Jack, Knave, and Fool

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G.P. Putnam's Sons, 1998 - Fiction - 279 pages
2 Reviews
"John Fielding was famous not only as cofounder of London's first police force, the Bow Street Runners, but also as a magistrate of keen intellect, fairness and uncommon detective ability. When a crime was committed, he often took it upon himself to solve it. What made this all the more remarkable was that he was blind." "Now the blind magistrate and his young assistant and ward, Jeremy Proctor, face a baffling pair of deaths. A lord dies suddenly while attending a concert. A disembodied head washes up on the banks of the Thames. While investigating both, Sir John and Jeremy will learn more than they ever cared to about family, greed, deception...and the peculiar nature of homicide, high and low."--BOOK JACKET.Title Summary field provided by Blackwell North America, Inc. All Rights Reserved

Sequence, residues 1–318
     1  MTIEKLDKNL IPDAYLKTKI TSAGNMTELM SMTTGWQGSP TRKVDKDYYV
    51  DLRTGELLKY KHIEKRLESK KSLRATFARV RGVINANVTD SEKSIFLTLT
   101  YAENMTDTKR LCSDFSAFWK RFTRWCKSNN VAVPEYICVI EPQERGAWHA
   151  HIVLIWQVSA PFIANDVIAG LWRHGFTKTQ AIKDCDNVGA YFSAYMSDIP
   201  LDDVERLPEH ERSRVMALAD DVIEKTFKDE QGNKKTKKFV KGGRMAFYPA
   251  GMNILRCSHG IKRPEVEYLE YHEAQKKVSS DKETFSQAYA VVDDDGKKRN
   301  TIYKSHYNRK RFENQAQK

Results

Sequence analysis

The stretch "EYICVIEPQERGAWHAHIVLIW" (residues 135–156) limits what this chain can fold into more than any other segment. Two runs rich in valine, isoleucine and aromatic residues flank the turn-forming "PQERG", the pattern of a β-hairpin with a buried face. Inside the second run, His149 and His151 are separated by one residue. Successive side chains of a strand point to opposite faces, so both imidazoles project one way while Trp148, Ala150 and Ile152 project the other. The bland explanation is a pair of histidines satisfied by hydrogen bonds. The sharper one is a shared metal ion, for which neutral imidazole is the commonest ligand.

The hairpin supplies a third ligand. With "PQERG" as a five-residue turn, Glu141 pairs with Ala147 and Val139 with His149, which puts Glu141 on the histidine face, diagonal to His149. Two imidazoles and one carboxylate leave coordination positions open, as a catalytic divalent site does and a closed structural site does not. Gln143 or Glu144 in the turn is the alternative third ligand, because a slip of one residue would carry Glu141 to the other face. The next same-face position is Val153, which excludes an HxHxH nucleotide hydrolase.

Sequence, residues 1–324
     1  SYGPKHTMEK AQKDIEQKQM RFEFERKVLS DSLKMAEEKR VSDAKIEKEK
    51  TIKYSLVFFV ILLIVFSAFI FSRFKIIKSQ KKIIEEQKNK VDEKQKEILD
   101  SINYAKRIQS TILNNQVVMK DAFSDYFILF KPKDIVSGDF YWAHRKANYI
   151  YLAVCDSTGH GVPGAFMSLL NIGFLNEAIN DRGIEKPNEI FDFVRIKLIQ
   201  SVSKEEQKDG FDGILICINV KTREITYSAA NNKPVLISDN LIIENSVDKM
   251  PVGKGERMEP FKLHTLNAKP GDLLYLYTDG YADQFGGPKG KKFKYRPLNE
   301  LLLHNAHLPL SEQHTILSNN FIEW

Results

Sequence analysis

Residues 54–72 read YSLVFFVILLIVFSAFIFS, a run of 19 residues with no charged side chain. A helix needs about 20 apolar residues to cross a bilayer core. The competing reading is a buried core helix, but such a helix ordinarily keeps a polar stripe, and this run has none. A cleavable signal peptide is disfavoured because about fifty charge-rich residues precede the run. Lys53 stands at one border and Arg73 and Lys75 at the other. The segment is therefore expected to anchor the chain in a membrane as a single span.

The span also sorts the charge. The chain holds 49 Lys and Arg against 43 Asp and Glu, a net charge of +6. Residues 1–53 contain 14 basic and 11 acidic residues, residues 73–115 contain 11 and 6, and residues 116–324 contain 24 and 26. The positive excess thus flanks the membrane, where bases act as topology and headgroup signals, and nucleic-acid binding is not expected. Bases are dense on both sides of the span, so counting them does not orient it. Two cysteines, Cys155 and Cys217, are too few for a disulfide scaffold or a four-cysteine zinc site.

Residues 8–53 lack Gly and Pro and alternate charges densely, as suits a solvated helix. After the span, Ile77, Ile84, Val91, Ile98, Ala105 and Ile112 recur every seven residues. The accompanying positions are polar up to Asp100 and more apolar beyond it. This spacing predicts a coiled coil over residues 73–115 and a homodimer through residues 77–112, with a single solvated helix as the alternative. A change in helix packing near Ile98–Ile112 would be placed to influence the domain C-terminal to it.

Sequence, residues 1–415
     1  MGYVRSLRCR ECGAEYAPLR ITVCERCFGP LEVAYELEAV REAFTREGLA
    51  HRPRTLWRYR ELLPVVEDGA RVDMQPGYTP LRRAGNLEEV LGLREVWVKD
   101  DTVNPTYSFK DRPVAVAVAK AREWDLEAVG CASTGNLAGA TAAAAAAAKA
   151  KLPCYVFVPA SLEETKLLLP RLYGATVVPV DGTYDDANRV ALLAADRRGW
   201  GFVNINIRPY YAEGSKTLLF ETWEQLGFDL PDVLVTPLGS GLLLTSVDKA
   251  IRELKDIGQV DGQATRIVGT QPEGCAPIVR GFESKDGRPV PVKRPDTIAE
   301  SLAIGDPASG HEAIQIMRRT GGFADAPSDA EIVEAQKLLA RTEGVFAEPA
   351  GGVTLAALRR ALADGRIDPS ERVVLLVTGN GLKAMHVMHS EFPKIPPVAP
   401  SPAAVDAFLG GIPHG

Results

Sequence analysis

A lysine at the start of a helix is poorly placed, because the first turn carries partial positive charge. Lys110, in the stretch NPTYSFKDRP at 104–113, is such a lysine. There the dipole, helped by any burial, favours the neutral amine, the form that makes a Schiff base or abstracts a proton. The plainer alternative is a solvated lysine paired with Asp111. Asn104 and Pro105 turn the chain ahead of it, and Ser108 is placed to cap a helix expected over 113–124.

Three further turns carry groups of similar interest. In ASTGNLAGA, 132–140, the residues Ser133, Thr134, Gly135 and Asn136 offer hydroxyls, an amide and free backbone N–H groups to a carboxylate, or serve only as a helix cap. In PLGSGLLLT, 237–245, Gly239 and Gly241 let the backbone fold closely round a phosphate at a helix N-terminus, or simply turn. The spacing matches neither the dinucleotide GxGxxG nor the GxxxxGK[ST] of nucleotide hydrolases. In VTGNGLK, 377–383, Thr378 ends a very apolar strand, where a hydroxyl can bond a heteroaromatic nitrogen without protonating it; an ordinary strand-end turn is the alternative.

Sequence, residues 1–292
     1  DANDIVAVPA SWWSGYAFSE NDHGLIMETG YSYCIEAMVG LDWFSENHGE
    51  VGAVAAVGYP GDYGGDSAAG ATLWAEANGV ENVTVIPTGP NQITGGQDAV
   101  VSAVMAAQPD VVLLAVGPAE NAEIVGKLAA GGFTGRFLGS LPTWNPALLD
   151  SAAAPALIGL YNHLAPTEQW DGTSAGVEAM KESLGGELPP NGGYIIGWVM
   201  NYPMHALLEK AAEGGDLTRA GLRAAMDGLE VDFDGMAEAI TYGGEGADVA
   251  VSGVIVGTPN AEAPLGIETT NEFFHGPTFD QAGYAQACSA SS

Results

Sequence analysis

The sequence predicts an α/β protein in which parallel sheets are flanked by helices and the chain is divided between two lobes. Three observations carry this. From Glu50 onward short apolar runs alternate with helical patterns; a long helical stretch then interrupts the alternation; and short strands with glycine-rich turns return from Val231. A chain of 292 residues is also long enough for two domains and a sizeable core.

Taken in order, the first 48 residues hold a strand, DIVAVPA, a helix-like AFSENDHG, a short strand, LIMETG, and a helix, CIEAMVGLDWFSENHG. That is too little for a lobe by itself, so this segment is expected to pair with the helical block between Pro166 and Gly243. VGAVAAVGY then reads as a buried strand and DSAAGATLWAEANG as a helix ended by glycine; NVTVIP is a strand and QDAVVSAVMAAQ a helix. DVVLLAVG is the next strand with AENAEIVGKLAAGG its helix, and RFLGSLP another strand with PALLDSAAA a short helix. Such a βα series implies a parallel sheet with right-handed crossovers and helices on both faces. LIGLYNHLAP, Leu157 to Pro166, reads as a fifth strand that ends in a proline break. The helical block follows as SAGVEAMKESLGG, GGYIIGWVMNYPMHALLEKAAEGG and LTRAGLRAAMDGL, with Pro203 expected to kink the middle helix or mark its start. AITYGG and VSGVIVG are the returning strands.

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User Review  - auntieknickers - LibraryThing

This, the fifth in the series of historical mysteries featuring Sir John Fielding, the Blind Beak of Bow Street, and his ward Jeremy Proctor, is a worthy entry in the series. Jeremy's character ... Read full review


User Review  - Jane Doe - Kirkus

There's no escaping sudden death no matter which end of the social spectrum you occupy in 1771 London. On their second (!) visit to a decapitated head found floating in the Thames, Jeremy Proctor's ... Read full review


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About the author (1998)

Bruce Alexander was the pseudonym for Bruce Cook, the well-known author of numerous works of fiction and nonfiction. When Alexander died in late 2003, he had completed most of Rules of Engagement, leaving behind notes on how the remainder of the story was to unfold. The novel has been completed by John Shannon and Alexander's wife, Judith Aller. Shannon himself is the author of four novels as well as six books in the highly praised Jack Liffey mystery series, most recently Terminal Island.

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